On the equinox, March 20, a mostly forgotten sliver of a city neighborhood, where Goldeneyes and Coots fly low and fast along the river, the stalks of last season’s brush still steeped in snow, hummed with the celebration of the season’s unfolding. They gathered along the water’s banks, cutting back old growth, repairing paths and railings fashioned from tree branches. And when the day’s labor was done, the local chorus, calling themselves the Bullfrogs, sang songs bidding farewell to winter with a rousing cheer to spring.
This is life among the Riverbank Neighbors, ages 0 to 90, so named because of their close proximity to the once-shunned North Branch of the Chicago River and the life they’ve built around it. In one breath, they are both a throwback and the future, recalling a time when community thrived, often centered around the local landscape. Their recapture of life writ small and meaningful makes the art of porch sitting seem regal, a wooden step, a throne.
After his mother slipped down the muddy bank during a walk in 1994, Pete Leki took to clearing the thicket of weeds and gnarly trees hiding the ribbon of water long shunned because of its stink and ugliness. It was as if a curtain lifted — Well what have we here! — and for the first time, this mix of working class and upwardly mobile neighbors saw light bounce off the river.
Leki, an elementary school science teacher whose house is a mere stone’s throw from the river, built steps from discarded concrete and flagstone, fashioning railings from old tree branches. He posted bills about brush clearing around the neighborhood. A few turned into many. Together they shored up the bank, terracing the new soil to prevent erosion. Naming themselves Riverbank Neighbors, they began celebrating a day’s work with potlucks along the bank. Afterward, the Bullfrogs would sing a cappella — a bit of The Talking Heads or Sly and the Family Stone.
Old brush was replaced with native plants and trees: hazelnut and American plum, blue fruited dogwood, button bush. Rows of gooseberry bushes now yield fruit for pies and jams. Beavers have returned to the water, along with turtles and fish. Fox and Black-crowned Night Herons, Red-breasted Grosbeaks, and Great Horned Owls. Each house, it seems, has a canoe or kayak.
Alan Ehrenhalt, author of The Lost City, a study on the decline of communities in the U.S., says Riverbank Neighbors reflects a shift. Nature — parks and forests, farms and gardens — historically have been at the core of community. Today’s environmental concerns, such as climate change and mass extinction, increase the desire for people to live in more tightly knit communities. The swelling use of social media, he adds, is actually drawing people closer to where they want to meet in person.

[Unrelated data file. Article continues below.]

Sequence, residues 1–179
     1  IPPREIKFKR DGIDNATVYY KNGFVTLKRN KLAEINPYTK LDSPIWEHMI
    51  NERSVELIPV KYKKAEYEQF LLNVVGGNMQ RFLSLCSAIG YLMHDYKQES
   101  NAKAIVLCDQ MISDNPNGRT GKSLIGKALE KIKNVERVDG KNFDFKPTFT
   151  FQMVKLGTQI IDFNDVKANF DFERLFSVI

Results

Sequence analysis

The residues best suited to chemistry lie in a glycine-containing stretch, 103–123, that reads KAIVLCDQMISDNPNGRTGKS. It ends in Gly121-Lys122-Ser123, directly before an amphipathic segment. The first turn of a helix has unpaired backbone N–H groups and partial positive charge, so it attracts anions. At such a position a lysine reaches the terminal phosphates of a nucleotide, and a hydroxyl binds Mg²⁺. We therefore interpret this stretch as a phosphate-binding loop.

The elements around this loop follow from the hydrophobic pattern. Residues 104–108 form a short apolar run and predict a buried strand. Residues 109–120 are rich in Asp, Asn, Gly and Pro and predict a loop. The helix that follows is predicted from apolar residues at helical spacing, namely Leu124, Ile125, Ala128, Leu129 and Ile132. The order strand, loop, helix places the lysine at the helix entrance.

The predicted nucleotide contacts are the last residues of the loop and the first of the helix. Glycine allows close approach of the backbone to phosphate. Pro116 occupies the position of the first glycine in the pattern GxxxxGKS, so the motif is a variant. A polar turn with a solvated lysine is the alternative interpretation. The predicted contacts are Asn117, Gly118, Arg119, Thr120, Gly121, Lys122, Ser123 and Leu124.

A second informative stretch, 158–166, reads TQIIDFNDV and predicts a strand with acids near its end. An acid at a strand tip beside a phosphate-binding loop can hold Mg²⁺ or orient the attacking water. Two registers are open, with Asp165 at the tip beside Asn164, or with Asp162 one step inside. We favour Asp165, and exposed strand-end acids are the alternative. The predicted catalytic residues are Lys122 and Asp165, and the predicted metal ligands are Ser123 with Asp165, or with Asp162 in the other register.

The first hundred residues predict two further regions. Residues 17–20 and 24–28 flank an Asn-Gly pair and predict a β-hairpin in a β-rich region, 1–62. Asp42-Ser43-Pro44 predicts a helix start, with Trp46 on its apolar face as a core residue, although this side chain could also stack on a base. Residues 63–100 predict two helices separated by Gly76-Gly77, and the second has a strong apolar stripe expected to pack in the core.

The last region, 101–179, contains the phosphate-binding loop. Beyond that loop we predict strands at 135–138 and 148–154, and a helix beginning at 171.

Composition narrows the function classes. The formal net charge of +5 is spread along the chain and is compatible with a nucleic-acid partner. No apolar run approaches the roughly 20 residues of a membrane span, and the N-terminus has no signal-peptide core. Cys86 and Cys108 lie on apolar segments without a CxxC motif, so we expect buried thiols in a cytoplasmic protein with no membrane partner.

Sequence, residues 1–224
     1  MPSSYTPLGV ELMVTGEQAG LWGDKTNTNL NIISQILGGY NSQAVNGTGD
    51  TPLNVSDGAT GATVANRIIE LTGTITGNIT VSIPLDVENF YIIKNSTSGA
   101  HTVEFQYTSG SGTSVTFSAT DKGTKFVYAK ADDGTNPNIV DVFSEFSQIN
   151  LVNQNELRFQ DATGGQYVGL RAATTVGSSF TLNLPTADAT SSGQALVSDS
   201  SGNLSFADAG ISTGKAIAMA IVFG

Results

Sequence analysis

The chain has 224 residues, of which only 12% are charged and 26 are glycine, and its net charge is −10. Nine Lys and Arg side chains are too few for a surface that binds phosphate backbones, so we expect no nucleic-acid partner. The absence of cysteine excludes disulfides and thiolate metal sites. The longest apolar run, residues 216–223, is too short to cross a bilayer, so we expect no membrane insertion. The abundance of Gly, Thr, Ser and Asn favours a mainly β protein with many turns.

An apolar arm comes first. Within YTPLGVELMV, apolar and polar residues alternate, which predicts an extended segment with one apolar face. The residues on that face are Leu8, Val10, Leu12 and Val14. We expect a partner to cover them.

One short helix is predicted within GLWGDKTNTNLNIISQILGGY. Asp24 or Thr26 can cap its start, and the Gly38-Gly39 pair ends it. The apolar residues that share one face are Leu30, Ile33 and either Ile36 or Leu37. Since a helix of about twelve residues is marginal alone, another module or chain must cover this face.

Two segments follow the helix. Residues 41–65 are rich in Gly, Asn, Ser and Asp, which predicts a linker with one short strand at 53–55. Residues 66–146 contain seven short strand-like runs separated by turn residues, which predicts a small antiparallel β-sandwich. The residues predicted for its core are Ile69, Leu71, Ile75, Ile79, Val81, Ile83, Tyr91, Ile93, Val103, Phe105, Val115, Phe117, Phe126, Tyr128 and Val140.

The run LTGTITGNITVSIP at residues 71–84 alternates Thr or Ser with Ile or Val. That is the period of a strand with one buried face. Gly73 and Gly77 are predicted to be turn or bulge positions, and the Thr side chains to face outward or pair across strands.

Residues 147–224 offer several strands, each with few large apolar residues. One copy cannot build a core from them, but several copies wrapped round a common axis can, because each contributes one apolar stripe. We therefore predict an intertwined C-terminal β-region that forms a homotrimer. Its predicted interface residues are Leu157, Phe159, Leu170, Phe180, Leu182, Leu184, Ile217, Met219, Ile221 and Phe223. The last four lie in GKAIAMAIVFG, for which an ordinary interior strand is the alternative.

In Chicago, the Riverbank Neighbors have set up a system of borrow and barter as a means to stay out of the big box stores. And they’ve created a fun, illustrated guide to keep them off the marketer’s map, titled How to Disappear.
Fridays mark the Walk Around, when many Riverbank Neighbors open their homes at the dinner hour and are visited by other neighbors who make their way from house to house, eating a bit of the meal, often grown in their own gardens, at every stop. There’s a requirement, however, that before moving on to the next home, guests and hosts must throw on some music and dance. Leki says the most recent tunes included some hip-hop, a Cajun waltz, and bits of classic rock.
On the first weekend day following an equinox, neighbors will gather and form a circle either outside or in someone’s house, and a member from each family tells what has transpired in their lives over the closing season — deaths, joy, achievements, birth. They will also go over their precise river management goals for the seasons ahead, detailing work to be done throughout the year.
At Waters Elementary School, where Leki teaches, the river’s history is taught in second and sixth grades and it includes study along its banks. Recently, the students met cellist Yo-Yo Ma, as part of the Chicago Symphony Orchestra’s Rivers Festival, in which they celebrate great musical works centered around rivers. The kids sang a song they wrote about the river:
Long time ago, I think,
Indian kids could swim and drink
Now when kids come down to play,
A sign there says to stay away …
Rivers, the CSO stresses, are “forever intertwined with our past, present and future.”
The story of a day when Leki stood on the school roof, his students fanned out below, is now part of neighborhood history. With maps at his feet detailing the original location where the Chicago River once flowed, he directed students on the asphalt below. One by one, they lay colored circles on the blacktop, creating a colorful path where the ribbon of water used to be.
Word of the Riverbank Neighbors has spread. It’s common, Leki says, for people from outside of the hood to show up at a river event and say, “We’re not from the neighborhood, but we’d like to join in.” And they’re welcomed. People are hungry for community, Leki explains. “We no longer value the idea of ‘staying.’ Transiency has become the norm,” he says. “So we’re happy when they come to visit.”
- Lori Rotenberk is a Chicago-based journalist whose work has appeared in the New York Times, The Boston Globe, Chicago Wilderness Magazine, and the Chicago Sun-Times. She is also also wild about nature. Follow her on Twitter.